Landlord Tenant Q&A
CATHERINE M. MATTHEWS (R), GRI
Broker-In Charge, Callahan Realty, Ltd.
Past President, Oahu Chapter
National Association of Residential Property Managers
The following is a frequently asked question we receive from owner/landlords renting out a single family home.
Q. I am preparing to rent out my house as my wife and I have decided to move into a condo closer to town. I have a copy of the standard lease. However, there are a number of additional items, not included in the lease, that I will want to bring to the attention of the tenants. Is there another document that I should prepare and present to them along with the lease?
A. You should definitely develop a set of House Rules for your property. They should most certainly be in writing and added as a part of the lease under special terms or other addenda in the Hawaii Association of Realtors standard lease. Although not required by any law, it is good practice to review these items with the tenant at the property to be sure they understand each item and are given an opportunity to ask questions.
In the House Rules you can spell out rules for caring for the property, such as special cleaning instructions for glass top stoves, granite countertops, self cleaning ovens, flooring, carpets, bath tubs, showers, and toilets. You can instruct tenants not to use bleach tablets in toilet tanks so it doesn’t rot out the flushing mechanism. You should also provide instructions for use of the washer and dryer.
You can spell out the responsibilities and rules for caring for the yard — watering, trimming, fertilizing, weed control, pest control. I encourage including professional yard service for single family homes but, even if yard service is included, rules about watering and items necessary in between service should be clearly spelled out. If you have fruit trees or flowering plants on the property and would like to give permission to pick either of these items during the lease period, this should be clearly specified in the lease, including frequency and access.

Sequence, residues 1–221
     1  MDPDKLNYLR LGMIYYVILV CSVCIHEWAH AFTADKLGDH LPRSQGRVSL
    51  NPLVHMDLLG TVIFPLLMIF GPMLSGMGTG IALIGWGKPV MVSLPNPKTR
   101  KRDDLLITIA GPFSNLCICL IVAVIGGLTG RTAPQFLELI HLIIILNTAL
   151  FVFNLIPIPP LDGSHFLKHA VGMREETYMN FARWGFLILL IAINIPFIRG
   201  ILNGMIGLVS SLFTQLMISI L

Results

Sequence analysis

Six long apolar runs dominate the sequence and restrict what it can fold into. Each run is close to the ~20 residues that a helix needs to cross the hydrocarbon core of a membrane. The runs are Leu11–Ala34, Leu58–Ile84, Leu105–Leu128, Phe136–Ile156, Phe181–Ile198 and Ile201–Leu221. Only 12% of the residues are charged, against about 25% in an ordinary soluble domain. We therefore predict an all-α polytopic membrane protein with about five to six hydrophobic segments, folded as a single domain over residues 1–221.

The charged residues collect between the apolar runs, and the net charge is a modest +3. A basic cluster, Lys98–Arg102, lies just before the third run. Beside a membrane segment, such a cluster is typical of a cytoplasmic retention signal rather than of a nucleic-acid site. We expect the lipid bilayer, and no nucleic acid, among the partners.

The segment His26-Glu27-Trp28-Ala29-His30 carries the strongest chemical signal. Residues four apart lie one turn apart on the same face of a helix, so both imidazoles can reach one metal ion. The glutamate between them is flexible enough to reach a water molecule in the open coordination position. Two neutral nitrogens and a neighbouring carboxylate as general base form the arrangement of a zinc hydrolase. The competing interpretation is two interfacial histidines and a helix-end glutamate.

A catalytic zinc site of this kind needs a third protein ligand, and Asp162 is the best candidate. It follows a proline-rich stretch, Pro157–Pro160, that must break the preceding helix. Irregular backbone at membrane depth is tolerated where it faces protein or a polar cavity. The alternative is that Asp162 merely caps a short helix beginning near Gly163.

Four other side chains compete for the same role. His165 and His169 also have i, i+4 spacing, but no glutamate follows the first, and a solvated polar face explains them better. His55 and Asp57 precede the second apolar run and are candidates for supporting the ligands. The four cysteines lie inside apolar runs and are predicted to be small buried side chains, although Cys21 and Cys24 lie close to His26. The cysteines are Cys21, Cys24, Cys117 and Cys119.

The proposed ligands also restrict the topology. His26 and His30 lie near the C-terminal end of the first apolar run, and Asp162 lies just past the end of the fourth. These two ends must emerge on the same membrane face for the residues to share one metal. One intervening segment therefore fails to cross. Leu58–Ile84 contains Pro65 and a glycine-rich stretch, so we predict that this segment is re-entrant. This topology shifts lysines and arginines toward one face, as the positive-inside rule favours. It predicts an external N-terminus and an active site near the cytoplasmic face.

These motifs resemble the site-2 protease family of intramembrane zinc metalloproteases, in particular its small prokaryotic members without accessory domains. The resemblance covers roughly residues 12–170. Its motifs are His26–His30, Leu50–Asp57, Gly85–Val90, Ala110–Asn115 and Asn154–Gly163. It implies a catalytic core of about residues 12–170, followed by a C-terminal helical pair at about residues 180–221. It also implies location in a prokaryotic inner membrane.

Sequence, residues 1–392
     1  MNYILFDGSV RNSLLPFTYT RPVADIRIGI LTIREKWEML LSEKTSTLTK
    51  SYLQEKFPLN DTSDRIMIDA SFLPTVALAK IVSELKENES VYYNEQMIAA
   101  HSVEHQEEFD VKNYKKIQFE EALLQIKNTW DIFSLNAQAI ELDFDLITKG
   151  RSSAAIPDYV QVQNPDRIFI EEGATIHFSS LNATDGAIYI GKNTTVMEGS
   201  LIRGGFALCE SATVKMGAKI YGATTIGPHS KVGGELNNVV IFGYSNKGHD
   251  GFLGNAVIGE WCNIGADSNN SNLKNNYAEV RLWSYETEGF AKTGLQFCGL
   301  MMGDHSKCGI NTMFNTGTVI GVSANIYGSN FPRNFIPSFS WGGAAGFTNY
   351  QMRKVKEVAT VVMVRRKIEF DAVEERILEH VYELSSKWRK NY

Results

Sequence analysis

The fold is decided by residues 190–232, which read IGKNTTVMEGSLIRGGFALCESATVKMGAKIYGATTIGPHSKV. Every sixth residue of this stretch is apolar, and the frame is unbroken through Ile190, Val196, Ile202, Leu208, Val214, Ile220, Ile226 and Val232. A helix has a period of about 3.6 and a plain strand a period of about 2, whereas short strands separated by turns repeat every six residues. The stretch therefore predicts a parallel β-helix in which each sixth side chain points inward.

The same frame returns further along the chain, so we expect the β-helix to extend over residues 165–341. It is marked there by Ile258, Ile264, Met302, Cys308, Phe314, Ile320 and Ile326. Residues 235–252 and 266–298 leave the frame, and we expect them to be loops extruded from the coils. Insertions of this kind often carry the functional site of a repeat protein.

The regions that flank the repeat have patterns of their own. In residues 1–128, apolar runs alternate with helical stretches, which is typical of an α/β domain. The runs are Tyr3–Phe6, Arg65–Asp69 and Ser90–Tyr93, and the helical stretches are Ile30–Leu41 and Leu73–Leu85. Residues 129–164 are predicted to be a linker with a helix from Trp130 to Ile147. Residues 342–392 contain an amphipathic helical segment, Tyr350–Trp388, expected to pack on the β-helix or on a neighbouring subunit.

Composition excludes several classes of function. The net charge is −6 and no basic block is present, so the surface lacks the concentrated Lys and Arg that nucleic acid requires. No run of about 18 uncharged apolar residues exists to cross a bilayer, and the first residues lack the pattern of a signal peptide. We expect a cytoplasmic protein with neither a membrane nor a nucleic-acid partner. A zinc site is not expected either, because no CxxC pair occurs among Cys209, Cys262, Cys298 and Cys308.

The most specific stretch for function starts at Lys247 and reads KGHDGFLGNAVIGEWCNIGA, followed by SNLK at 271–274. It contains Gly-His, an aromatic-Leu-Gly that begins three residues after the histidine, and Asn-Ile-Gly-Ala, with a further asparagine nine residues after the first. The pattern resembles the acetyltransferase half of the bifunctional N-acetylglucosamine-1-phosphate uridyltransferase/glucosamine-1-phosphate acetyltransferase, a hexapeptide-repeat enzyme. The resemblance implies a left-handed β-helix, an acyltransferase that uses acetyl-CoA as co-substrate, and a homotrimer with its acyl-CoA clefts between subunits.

You can notate where items such as shut-off valves and circuit breakers are located and how to use them. Let tenants know about reset buttons on the bottom of garbage disposals and also how to use an allen wrench to free a jammed disposal. A beeping smoke detector means batteries need changing immediately. State that smoke detectors MUST be kept in working order at all times. Don’t assume that your tenant knows these things.
Point out when and how the trash is dealt with. What are rules for parking on the property? What if their car leaks fluids? Are there air conditioners? Are there water filters under the sink or in the refrigerator? How are the filters cleaned? How often? Who pays for new filters? Does the tenant have permission to use the attic access, if any? Do you allow appliances to be left running when tenant leaves the house? If not, state this in writing.
There are many items that can be addressed in the House Rules. I suggest you slowly walk through your house room by room and think of safety issues and items that are not readily evident and may need explaining…and write them down. Point out any “quirks” or odd things about your property. Keep in mind that House Rules do not replace an Inventory and Condition form; they supplement the lease.